Maybe it’s because I live in Quincy. The one in Massachusetts, that is. Or because I feel a strong sense of history. Possibly both.
Whatever the reason, whenever there is an election where democracy hangs in the balance, which seems to be every election now; I find myself making a pilgrimage of sorts to places dedicated to the Adams family. One “d” not two! The presidential family, not the fictional funny/creepy one.
Anyway, soon after the 2020 election, we Americans, and probably most of the world, wondered if there would be be a peaceful transfer of power. To calm my nerves, I wandered around the garden at Peacefield. I sat and looked at the most magnificent tree. I thought about the depth of the tree’s roots and the depth of our democracy. Immersed myself into the feel of that place and called on the spirits of this old Quincy family to help democracy hold. Because if anything was important to former presidents John Adams and John Quincy Adams, it was democracy and this lovely place where they lived.
Because of January 6th, there was not a peaceful transfer of power. However, there was a transfer of power. And thankfully we were spared from another term of the one whose name I don’t want to write.
And here we are again. It’s Saturday, November 12th. The midterm election was only this past Tuesday, but it feels like it was weeks or months ago. Partly because Twitter’s new owner is causing complete chaos. Vote counts continue, so we still don’t know who will control the House or Senate.
Last Saturday, the city of Quincy recognized another member of the Adams family with a new statue. This time it was finally for a woman! The magnificent Abigail Adams! Unfortunately, I wasn’t able to attend the ceremony that day. According to an article in The Patriot Ledger, the sculptor, Sergey Eylanbekov, also created the nearby John Adams and John Hancock statutes. His work is beautiful.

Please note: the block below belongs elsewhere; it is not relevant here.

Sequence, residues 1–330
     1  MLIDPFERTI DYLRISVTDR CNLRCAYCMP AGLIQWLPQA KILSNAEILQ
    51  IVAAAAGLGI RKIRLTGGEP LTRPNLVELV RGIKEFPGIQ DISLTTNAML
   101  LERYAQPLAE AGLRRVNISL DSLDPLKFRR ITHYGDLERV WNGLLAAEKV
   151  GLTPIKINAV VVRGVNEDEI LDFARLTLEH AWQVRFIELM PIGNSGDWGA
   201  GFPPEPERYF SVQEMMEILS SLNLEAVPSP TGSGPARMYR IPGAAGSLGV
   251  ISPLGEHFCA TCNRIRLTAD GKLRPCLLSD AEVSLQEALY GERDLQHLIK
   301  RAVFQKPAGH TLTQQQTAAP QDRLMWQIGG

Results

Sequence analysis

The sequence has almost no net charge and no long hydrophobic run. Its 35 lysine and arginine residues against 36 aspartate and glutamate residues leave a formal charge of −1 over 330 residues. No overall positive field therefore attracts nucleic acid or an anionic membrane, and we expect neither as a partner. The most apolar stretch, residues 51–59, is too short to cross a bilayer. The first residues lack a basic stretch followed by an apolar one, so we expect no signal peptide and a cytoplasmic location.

To vote for this election, I had my ballot mailed to me and on Monday, I dropped it off at Quincy City Hall. The new memorial is right across the street, so I walked by it. While I was there, several other people stopped to look and take pictures. Again, I called on Abigail’s spirit (and the rest of her family!) to help democracy hold, because it’s still faltering.
A couple of years ago, here in the United States, society was toppling, tearing down, removing, renaming and sometimes defacing statues. Most with good reason in my opinion. It’s nice to see someone remembered who was by most, if not all, accounts a kind person, intelligent and forward looking.
Some quick research shows that there may be some disagreement on the day she was born. Most places, including the National Park Service, give the date of November 11, 1744. However other places, including part of the memorial pictured below, give the date of November 22, 1744. The White House just gives the year. Either way, it’s around that time now, so either early or belated 278th birthday Abigail Adams!
She was our nation’s second first lady, the mother of the sixth president, against slavery and wanted better treatment for women.
One of her most famous quotes, from a letter dated March 31, 1776, to her husband, was memorialized in the picture above. But it’s not the original spelling or the full text as written by Abigail. The Massachusetts Historical Society has archives of her letters and they are available on the website. Below is more from the letter with the original spelling.
“I long to hear that you have declared an independency — and by the way in the new Code of Laws which I suppose it will be necessary for you to make I desire you would Remember the Ladies, and be more generous and favourable to them than your ancestors. Do not put such unlimited power into the hands of the Husbands. Remember all Men would be tyrants if they could. If perticuliar care and attention is not paid to the Laidies we are determined to foment a Rebelion, and will not hold ourselves bound by any Laws in which we have no voice, or Representation.”
Abigail Adams was right. We women did have to rebel and did not hold ourselves bound by laws not giving us a voice or representation. Otherwise we would never have gotten the right to vote or the right to own property.
Credit cards were created in 1958, but only for men. Women couldn’t open a credit card in their own names until 1974! We would have never had reproductive choice without rebellion. And we are still fighting. Sometimes the same fight over and over again.
The constitutional right to an abortion was only decided in 1973 and we lost that right just this year. The more things change, the more they stay the same. But just like Abigail, we women have to adjust to our current circumstances so we can survive. Then fight and keep looking to the future.